If the drive event wasn't exciting, you can always delete the video.
Another option is to use the Hindsight option on the GoPro Hero 9. With hindsight, you can record 15 or 30 seconds before you press the shutter button. This allows you to record things only when they happen - such as an accident. The downside is that using hindsight will use battery time.
SunSet Time Lapse GoPro 9
Have you ever wanted to know what setting to use when you want to time-lapse the sunset and sunrise? With the significant difference between light and dark, how well does the GoPro Hero 9 handle it? What setting produces the best video?
Turns out the GoPro hands the light/dark change very well.
All you need to do is set up the default Night Lapse setting and the video will turn out perfectly fine.
Check out this example:
This was put in about an hour before sunset and captured about 2 hours after sunset. You can see how the GoPro Hero 9 was able to adjust to the low light. The video came out pretty cool.
GoPro USB Battery Chart
The GoPro Hero 9 battery is much larger than previous versions of the GoPro. One nice difference between this version and the GoPro Silver 7 is that you can replace the battery.
In my tests, I have found that the internal battery in the GoPro Hero 9 lasts just more than 2 hours when recording Time-Lapse mode in 4k. It's closer to 2-hours in extremely cold conditions.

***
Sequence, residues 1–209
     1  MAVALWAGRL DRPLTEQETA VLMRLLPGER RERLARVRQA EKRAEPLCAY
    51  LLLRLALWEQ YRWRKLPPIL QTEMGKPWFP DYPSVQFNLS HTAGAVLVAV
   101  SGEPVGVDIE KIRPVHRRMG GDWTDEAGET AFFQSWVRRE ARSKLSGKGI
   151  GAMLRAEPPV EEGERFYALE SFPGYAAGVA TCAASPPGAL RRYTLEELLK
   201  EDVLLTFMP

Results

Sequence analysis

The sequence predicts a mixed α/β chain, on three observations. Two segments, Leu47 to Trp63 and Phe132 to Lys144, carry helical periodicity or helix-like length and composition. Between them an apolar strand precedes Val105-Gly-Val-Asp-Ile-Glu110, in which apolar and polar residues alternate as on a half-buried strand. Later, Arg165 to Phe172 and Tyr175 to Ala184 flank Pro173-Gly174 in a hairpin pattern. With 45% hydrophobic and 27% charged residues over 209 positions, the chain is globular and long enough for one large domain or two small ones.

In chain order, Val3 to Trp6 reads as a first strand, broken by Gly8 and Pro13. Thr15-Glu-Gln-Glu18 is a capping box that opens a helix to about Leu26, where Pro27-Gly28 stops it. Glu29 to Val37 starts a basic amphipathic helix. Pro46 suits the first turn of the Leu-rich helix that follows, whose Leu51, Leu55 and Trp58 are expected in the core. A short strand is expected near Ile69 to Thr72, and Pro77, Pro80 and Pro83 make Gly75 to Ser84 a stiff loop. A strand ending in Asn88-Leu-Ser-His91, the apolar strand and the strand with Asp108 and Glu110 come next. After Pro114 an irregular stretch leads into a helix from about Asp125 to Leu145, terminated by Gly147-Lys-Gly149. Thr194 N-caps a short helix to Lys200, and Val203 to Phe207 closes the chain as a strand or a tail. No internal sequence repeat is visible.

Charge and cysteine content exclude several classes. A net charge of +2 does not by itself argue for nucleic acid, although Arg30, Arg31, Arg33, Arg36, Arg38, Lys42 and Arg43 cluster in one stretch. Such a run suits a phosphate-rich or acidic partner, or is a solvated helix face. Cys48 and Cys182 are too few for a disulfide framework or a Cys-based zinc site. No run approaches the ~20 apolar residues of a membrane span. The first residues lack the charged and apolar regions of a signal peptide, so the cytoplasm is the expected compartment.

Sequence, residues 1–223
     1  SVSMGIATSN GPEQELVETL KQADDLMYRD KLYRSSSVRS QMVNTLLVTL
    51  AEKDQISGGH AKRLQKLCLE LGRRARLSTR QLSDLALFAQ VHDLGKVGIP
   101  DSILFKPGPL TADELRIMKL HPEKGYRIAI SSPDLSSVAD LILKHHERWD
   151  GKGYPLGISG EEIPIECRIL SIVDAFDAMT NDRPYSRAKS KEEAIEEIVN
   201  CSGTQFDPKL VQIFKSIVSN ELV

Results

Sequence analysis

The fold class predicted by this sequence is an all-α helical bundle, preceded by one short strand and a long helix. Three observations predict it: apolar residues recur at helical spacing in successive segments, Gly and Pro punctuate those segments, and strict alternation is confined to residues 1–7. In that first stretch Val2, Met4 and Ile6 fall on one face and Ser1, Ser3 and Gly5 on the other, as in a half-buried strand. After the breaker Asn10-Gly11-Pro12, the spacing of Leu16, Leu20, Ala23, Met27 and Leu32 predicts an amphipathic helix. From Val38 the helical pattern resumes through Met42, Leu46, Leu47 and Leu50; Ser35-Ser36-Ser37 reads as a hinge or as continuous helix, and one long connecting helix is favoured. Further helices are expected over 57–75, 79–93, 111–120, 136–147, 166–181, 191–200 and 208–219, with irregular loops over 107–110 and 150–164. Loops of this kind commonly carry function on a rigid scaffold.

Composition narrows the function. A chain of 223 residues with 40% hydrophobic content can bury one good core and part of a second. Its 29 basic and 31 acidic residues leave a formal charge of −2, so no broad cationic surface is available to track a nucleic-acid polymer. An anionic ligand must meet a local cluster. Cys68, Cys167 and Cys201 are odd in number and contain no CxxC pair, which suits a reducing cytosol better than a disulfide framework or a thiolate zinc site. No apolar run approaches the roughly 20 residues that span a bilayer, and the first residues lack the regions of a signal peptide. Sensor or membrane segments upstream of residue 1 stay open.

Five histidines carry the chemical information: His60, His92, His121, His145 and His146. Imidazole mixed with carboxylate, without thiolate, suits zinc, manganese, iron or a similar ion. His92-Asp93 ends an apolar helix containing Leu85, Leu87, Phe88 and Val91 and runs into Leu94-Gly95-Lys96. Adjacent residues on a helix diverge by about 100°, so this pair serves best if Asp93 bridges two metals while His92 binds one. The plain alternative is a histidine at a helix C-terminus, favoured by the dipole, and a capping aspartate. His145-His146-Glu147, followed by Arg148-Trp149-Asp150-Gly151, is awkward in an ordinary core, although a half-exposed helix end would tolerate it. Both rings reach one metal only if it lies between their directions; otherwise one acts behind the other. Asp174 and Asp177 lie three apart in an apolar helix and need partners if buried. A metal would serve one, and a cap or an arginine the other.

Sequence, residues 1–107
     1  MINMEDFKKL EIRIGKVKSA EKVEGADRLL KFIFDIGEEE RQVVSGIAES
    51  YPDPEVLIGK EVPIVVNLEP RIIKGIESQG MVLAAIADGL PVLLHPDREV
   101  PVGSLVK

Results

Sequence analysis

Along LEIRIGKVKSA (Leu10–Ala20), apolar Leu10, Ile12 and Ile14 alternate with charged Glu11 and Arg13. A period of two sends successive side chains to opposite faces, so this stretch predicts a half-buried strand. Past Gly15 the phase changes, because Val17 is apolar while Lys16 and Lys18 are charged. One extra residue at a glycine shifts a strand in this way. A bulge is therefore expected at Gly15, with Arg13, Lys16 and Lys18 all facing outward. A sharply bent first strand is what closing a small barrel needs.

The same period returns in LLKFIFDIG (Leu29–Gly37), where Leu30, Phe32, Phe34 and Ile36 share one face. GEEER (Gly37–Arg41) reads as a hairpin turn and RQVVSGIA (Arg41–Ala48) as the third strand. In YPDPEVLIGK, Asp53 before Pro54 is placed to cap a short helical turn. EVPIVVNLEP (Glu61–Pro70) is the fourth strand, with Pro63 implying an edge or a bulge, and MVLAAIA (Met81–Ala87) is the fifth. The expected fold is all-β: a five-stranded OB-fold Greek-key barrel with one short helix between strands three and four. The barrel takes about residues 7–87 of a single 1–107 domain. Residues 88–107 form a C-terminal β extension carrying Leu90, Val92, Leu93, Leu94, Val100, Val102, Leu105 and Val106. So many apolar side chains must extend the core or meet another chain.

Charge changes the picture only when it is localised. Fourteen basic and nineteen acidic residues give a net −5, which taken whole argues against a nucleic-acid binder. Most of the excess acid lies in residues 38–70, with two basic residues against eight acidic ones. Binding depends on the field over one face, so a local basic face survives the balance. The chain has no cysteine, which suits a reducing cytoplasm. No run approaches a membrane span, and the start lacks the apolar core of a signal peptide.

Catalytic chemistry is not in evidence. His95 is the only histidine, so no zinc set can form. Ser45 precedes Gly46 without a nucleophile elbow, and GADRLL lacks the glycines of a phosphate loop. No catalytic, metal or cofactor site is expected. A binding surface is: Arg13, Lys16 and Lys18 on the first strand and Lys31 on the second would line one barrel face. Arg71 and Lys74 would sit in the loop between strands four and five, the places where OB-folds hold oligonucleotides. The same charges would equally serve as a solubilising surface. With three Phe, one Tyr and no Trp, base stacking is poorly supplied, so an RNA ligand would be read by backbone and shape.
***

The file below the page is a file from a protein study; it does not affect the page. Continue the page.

Taking Longer Videos
One way to take longer videos is to use a USB power source. This can be a wall outlet or a USB portable charger.
Yes, the GoPro will record when connected to a USB portable charger!
Chart showing the amount of GoPro Hours you get for various USB Chargers.
I have a USB hand warmer that has a 7,800mAh power charger. In my test, I have found that this makes recording time to 6 hours! You get 4-hours of USB power charge time and then the 2-hours of GoPro battery time.
This means if I get a 10,000mAh charger that my total charge time should get to 7.3 hours. (5.1 hours via USB and 2.2 hours with the GoPro battery)
I have a smaller 5,200mAh and according to my calculations that should give me 4.7 hours of total recording time.
Quick Release Tripod Mount
I have several monopods that have standard tripod mounts. There are some great GoPro adapters that make it easy to connect the GoPro to a tripod, they look like this:
The problem with this is that I have to screw on the GoPro every time that I want to use that mount.
Which isn't a great solution if I am moving the camera around. For example, I was using the GoPro on my monopod and then wanted to switch it to my Suction Cup Mount.
So the simple solution is to use a different type of tripod mount. Basically, I needed what's called a "Quick Release Tripod Mount." This is what it looks like: